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  • Relationships suffer from a fundamental tension between the desire to be honest and the fear of being abandoned.


  • We go into relationships in order to beourselvesbut were we to really be entirely ourselves, there is a high risk we would be left.


  • Silence seems the price we so often have to pay for companionship.


  • However much we may claim to be open minded, very few of us genuinely make room for another person's complexity in so far as we are its targets.


  • We say they cantell us anythingbut in practice, the topics any of us are really prepared to listen to is small, and lovers unconsciously mutually know it.


  • Tell me who you really are - just leave out most of the details.


  • How quickly most relationships would end if one were to say,


  • "I love you but sometimes I’d like to have an affair," or,


  • "Sometimes I catch you from a certain angle and I despise you," or,


  • "Sometimes for a while, I wish you weren’t in my life," or,


  • "Sometimes you bore me," or,


  • "Your flaws have been driving me to despair."


  • And yet, while saying something like this puts a relationship at risk, saying nothing is not unproblematic, either.


  • We can’t go through love being simplypolite.’

    我們不能在愛情中只是 「彬彬有禮」。

  • Our entire emotional system goes numb when we have to keep a lid on a gigantic lie.


  • Emotions that haven’t been expressed tend to end up simply being acted out.


  • It seems we can’t easily either say nothing or something.


  • It would help hugely if society were to give us a better picture of love that prepared us at a collective levelway before this or that lover was in questionfor the legitimacy of ambivalent feelings,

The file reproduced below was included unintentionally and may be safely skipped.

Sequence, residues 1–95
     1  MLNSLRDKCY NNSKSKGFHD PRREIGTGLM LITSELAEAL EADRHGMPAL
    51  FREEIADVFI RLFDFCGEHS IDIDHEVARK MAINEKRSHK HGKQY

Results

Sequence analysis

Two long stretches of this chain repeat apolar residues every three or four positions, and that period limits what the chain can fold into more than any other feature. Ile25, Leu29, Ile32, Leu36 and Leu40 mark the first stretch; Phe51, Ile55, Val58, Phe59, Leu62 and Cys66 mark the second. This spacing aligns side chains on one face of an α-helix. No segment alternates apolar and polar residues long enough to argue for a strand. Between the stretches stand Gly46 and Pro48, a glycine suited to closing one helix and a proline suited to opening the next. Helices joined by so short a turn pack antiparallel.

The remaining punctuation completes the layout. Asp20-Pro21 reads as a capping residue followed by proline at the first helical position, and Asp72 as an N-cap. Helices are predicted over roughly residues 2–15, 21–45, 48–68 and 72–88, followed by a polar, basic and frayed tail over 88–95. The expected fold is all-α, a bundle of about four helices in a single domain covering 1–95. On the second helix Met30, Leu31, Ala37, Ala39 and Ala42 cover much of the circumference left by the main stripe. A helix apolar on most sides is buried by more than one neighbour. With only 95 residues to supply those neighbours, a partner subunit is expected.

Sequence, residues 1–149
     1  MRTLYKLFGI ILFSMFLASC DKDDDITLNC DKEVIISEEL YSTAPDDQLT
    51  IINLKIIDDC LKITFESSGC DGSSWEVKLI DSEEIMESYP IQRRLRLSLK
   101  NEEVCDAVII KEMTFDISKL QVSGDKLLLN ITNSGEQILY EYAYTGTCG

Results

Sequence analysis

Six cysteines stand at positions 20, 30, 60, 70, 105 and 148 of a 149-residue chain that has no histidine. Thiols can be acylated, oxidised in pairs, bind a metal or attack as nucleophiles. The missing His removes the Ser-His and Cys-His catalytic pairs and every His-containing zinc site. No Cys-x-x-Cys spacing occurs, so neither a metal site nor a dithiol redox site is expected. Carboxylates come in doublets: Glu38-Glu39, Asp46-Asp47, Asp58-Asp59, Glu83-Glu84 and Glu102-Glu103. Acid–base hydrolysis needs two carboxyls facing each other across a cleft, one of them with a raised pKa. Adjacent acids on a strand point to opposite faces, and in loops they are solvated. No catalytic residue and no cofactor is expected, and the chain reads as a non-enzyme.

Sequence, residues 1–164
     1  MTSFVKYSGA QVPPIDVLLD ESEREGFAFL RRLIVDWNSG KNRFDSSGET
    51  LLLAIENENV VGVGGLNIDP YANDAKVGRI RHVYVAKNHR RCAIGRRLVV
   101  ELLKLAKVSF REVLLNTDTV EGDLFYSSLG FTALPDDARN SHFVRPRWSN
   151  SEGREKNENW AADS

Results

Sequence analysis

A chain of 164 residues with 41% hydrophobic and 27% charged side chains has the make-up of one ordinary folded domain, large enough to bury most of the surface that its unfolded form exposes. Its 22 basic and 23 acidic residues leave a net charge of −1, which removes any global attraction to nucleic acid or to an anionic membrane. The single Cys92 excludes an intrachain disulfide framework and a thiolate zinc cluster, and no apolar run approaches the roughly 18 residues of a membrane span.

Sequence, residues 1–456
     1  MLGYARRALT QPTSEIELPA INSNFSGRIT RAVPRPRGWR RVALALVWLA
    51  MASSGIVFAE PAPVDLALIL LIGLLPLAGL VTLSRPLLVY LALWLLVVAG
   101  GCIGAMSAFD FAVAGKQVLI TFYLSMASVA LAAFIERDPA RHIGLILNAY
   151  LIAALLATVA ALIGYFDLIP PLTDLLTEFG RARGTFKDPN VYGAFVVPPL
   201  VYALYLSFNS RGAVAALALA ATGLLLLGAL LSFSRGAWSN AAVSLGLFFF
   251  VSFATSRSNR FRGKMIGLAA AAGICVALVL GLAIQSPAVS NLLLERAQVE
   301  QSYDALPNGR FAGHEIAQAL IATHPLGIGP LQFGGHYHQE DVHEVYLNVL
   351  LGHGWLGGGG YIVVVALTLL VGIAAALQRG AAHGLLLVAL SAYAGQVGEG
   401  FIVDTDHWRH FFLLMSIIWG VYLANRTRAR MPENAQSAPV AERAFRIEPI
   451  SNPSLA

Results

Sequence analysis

• including anger, disappointment, and disloyalty.


  • And reassured us that we didn’t need to panic at such feelingsoccasional emergence, that they were likely to pass and were generally just a sign of two people getting very close.


  • The greatest favour we can pay our lovers is to allow them (so long as there is never contempt or violence in the mix) to hate us a lot sometimes.


  • The people who are the experts at this are parents of three-year-olds.


  • When a small child says, "Mummy, or Daddy, I hate you a lot today," parents do what we should all generally do: they manage not to take it personally.


  • They understand instinctively that love is very complicated;


  • they don’t hold honesty against a person whom they know is fundamentally good and kind.


  • They know the mood will alter, and most importantly, they remember how often they have felt exactly the same.


Relationships suffer from a fundamental tension between the desire to be honest and the fear of being abandoned.


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